The old Botanical Garden and the move to Nymphenburg

The first Munich Botanical Garden was opened in 1812 on a five-hectare site west of Karlsplatz, today’s Stachus. It belonged to the Bavarian Academy of Sciences and was under the direction of Franz von Paula von Schrank (1747-1835). The rapid development of the city from 1871 to the turn of the century made it increasingly urgent to move the garden to a more suitable location. Also the upswing of scientific botany at the Ludwig-Maximilians-Universität (LMU) created the need for a modern institute building and larger garden area with show greenhouses.

The driving force behind the relocation of the garden from the city center to Nymphenburg was Karl Eberhard von Goebel (1855-1932), director of the Botanical Garden from 1891 to 1932. After heated discussion in the Bavarian Chamber of Deputies on February 12, 1908, the preparatory work on the site near Nymphenburg Park could be started in 1909. The Royal Bavarian Chief Inspector Peter Holfelder (1878-1936), previously a teacher at the horticultural school in Weihenstephan, was involved as horticultural engineer. Leonhard Dillis (1871-1946) was responsible for setting up the greenhouses. The implementation of the planting was in the hands of the garden curator Walter Kupper (1874-1953). The topping-out ceremony was finally celebrated in 1912, and the buildings were completed in 1913. Finally, the following moved from the Old Botanical Garden: the Botanical Laboratory, the Institute of Plant Physiology, the Herbarium and the Botanical State Collection, which was then open to the public as the “Botanical Museum”.

The new Botanical Garden and Botanical Institute

The new Botanical Garden was officially inaugurated on May 10, 1914, still under the regency of Ludwig III. The garden consists of a central section in neo-baroque style – a unique feature at the time of its opening – as well as an Alpinum with a pond in front and a large arboretum. A small structure in the center of the garden, initially designed as an open shade and drinking hall, has served as a café since 1936. For exhibitions and events in summer, the garden uses its 390-square-meter wintering hall from 1912. The “Winter Hall” was historically renovated in 2005 and continues to fulfill its original purpose in winter, namely to house the Mediterranean woody plants and palms kept in tubs.

The institute building, part of which is a listed building, was built between 1908 and 1913 at a cost of around 5 million marks. It survived the Second World War unscathed and, with its rich interior decoration, is an important example of Munich’s Art Nouveau style. To this day, the institute building houses collections of dried plants – the herbaria – of the Bavarian State and the Ludwig Maximilian University. With around three million specimens, including about one million fungi, lichens, algae and mosses, it is one of the largest and scientifically most important plant collections in the world.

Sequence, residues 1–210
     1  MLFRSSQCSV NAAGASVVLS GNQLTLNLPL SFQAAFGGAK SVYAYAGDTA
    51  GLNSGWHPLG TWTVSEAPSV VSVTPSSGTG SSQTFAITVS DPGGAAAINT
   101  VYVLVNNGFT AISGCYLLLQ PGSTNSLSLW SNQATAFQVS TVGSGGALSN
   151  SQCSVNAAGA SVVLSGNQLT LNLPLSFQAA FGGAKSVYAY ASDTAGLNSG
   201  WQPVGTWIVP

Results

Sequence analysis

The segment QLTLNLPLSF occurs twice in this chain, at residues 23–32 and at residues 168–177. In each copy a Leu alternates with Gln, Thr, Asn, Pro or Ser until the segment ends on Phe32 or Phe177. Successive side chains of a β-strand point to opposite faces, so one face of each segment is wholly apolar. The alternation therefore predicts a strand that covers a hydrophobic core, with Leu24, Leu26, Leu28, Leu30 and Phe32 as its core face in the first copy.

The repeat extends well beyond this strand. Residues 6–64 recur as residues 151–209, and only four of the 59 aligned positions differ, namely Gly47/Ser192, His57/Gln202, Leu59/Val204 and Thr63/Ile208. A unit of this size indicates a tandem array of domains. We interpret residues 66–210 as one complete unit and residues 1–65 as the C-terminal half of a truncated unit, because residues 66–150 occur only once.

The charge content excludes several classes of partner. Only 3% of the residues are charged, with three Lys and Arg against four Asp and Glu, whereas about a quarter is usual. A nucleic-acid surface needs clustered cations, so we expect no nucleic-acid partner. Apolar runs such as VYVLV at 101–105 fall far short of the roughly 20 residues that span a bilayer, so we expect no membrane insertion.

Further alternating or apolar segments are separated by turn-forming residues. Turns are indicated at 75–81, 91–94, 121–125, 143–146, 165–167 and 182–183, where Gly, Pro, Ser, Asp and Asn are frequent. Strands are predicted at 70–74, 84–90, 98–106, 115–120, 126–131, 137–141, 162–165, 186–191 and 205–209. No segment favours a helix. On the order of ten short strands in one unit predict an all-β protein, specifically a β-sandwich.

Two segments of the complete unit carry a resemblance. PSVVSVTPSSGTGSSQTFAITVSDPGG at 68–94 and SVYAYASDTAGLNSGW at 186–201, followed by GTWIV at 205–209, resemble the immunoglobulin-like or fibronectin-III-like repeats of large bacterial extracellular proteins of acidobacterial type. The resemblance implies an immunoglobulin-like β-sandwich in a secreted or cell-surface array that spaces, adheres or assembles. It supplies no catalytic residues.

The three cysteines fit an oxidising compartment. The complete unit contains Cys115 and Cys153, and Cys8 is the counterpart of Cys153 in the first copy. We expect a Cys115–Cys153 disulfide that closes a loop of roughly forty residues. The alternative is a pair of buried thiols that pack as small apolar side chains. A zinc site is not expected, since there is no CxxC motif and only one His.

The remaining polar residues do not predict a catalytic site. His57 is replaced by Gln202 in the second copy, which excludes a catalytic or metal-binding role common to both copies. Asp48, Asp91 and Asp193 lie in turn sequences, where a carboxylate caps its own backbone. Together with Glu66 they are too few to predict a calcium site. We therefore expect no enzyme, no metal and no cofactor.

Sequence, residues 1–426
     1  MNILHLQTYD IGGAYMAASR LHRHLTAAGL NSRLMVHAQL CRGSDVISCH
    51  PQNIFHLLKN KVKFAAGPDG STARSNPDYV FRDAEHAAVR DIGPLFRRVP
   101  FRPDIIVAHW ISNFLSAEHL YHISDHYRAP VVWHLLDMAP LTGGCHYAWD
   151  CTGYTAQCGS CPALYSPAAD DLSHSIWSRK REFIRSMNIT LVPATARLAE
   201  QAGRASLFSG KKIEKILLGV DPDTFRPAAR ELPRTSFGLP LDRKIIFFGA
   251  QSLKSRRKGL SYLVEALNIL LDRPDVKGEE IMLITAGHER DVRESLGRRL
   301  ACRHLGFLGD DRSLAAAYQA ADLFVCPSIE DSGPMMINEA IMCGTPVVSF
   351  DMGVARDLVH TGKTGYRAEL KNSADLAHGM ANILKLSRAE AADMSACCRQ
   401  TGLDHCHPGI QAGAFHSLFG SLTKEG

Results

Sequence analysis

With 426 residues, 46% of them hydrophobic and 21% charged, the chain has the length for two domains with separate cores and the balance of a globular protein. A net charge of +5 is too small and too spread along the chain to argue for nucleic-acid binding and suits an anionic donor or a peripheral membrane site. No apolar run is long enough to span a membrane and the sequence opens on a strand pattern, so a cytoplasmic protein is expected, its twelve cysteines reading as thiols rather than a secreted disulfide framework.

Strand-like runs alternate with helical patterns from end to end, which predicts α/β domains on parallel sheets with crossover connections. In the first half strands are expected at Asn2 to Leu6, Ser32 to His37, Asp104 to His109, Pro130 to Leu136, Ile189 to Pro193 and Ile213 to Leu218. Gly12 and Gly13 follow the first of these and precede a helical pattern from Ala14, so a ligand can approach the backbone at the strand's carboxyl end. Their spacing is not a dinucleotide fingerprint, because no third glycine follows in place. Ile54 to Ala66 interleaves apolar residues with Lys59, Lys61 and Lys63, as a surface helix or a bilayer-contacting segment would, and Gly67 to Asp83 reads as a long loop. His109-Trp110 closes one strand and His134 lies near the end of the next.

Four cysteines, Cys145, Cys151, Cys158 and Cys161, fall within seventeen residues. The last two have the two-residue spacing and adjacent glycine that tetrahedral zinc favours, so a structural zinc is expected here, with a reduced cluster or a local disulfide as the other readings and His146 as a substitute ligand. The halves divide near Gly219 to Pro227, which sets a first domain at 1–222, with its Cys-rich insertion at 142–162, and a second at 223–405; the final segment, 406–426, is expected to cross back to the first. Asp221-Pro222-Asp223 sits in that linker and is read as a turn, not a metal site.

The professors of systematic botany and mycology of the LMU and their colleagues also work in this institute building. During the semester months, classes are held there in modern practical rooms and laboratories.

Reconstruction of the ornamental vases

In September 2020, the ornamental vases that adorned the roof of the main building of the Botanical Garden from 1914 to 1956 were reconstructed in a historically accurate manner. A report on the reconstruction incl. pictures can be found here.

History of the SNSB

Read more about the history of the State Natural Science Collections (Staatliche Naturwissenschaftliche Sammlungen Bayerns – SNSB) on the SNSB homepage.

Further literature on the history of the Botanical Garden

  • Holfelder, P. 1912: Die Neuanlage des K. Botanischen Gartens. – Bayerische Gartenbau-Gesellschaft 1910 und 1911, München.
  • Kupper, J. A. 1926: Der Botanische Garten. – Festschrift der Universität München: 287-288.
  • Merxmüller, R, H. 1977: Geschichte des Botanischen Gartens und der Botanischen Staatssammlung München. Botanischer Garten 1812-1977. – Jahresbericht der Generaldirektion der Staatl. Naturwiss. Sammlungen Bayerns: 19-34.
  • Renner, S. S. 2014: Geschichte des Botanischen Gartens München. Pp. 10-17 in Botanischer Garten München, Herausgegeben vom Botanischen Garten München und der Gesellschaft der Freunde des Botanischen Gartens München. – München Verlag